This past weekend I asked our youngest what we should have for dinner, her response was a typical Albertan meal, Steak with potatoes. I had to laugh, and then I remembered that I had some pork tenderloin in the fridge and thought I should try something with it. After looking up a few ideas with apples, I came up with my apple salsa below. If you want to play with it a bit, you could add red or green peppers, or jalapeno peppers for more heat if you’d like. I decided on sriracha, but in a small amount because I wasn’t going for spice as much as flavour.
You might be wondering how I can call the condiment a salsa. So, I did a little digging to find out what the etymology of the word salsa is. It turns out that salsa just means sauce in Spanish; I’ve also heard some Italians call their sauces salsa.
But while looking up salsa, I noticed an odd reference to studies that looked at food poisoning from eating salsa. I had to look into it. It turns out that, like many foods, improper storage of your salsa can cause a plethora of foodborne illnesses from E. Coli to Salmonella. Wikipedia cited a 2002 study done in the University of Texas – Huston campus where they test sauces from Guadalajara and Houston. Surprisingly 66% of those testing in Mexico were positive for E. Coli and 44% from Houston!
A CDC research paper in 2010 found that 1 in 25 foodborne illnesses reported between 1998 and 2008 were from improper storage of salsa. And another group of researchers conducted a study in 2010 regarding salmonella. They found that the addition of fresh lime juice or fresh garlic would prevent this bacteria’s growth.
Now I’m not going to tell you to smear fresh lime juice on raw chicken or pork to make it safe to eat, but it did reinforce something I learned in food safety classes. To prevent the growth of bacteria, one must change the conditions in which bacteria thrive. Thus, cooking many (but not all) foods above 140C or storing them below 4C, increasing or decreasing the ph level of the food, and even washing your vegetables when you get them home. These simple steps can have an impact on food safety. Which is also why washing your hands is so important. We’ve all heard that soap kills bacteria on our hands, but an interesting lesson I learned is that the water temperature doesn’t matter as much as the soap itself (Sima, 2020). I am not suggesting that you start washing your vegetables and fruit with soap, but a rinse in water would be helpful.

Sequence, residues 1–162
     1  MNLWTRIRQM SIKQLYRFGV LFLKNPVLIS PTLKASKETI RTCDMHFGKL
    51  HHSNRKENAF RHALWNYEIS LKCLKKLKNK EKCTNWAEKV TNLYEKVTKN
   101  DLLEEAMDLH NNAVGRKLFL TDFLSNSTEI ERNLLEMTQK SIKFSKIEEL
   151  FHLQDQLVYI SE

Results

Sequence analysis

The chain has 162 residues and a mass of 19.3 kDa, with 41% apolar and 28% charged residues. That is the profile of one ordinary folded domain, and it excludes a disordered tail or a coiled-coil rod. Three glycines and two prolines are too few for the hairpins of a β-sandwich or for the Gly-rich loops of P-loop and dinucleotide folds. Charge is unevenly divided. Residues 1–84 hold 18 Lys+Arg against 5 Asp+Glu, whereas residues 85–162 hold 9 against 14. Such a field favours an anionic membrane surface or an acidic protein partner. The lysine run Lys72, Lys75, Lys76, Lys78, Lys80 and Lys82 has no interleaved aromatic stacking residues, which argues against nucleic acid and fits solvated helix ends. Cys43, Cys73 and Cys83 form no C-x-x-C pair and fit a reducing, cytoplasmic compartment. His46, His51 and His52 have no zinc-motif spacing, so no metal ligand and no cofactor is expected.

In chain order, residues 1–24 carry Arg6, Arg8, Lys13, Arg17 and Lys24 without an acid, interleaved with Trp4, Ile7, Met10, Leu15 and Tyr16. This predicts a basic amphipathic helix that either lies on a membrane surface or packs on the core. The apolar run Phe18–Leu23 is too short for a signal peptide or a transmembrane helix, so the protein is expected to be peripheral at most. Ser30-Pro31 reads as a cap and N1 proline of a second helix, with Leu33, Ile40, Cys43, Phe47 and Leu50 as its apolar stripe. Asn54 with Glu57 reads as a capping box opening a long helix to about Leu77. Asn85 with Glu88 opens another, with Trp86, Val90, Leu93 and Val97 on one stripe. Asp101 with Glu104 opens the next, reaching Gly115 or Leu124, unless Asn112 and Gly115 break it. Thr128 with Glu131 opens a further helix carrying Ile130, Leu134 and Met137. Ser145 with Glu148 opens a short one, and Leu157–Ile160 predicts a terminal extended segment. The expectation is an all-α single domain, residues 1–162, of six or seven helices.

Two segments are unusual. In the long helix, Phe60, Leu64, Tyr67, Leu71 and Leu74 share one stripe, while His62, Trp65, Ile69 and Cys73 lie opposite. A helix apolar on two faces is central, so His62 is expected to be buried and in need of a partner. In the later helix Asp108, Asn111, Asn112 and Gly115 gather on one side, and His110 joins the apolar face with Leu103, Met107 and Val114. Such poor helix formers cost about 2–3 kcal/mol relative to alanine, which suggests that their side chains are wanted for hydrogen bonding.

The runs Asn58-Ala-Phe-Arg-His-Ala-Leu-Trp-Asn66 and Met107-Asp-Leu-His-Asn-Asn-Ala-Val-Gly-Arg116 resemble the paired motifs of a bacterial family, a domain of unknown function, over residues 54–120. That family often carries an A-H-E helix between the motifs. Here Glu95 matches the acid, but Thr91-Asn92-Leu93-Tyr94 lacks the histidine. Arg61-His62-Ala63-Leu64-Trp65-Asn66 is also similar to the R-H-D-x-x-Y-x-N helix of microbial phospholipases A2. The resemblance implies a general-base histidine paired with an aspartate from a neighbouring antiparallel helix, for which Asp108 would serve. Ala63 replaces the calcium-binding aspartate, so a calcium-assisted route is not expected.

I hope you enjoy this recipe!
Pork Tenderloin with Apple Salsa
2 pork tenderloins cleaned
1 large carrot
2 stalks of celery
1 yellow onion
- Preheat the oven to 400F
- Cut the celery in half
- Cut the carrot in half then halve the larger end
- Quarter the yellow onion
- Set the vegetables aside for later
- Clean the silver skin from the pork
- Season it with salt and pepper
- Put a large metal pan on high and add 1 tbsp oil
- Once the oil is hot add the meat and sear it on all sides
- Remove the meat and set it aside
- Turn off the burner, and add the carrots, then the celery, arranged perpendicularly
- Put the onions on the outside, place the pork on top of the onions going opposite directions
- Add the baby potatoes around the outside
- Roast for 30 – 45 minutes or until the meat reaches 145-150F
- Once it reaches temp, remove it and cover it with foil
1 Granny Smith – diced
1 spartan – diced
1 small red onion – diced
2 tbsp cilantro
¼ – ½ tsp cumin
¼ cup lime juice
½ tsp kosher salt
¼ tsp sriracha
½ tsp black pepper
- Peel, core, and dice the apples into a mixing bowl
- Dice the red onion and add it to the apples
- Add the rest of the ingredients and mix
- Taste it, cause it’s good!!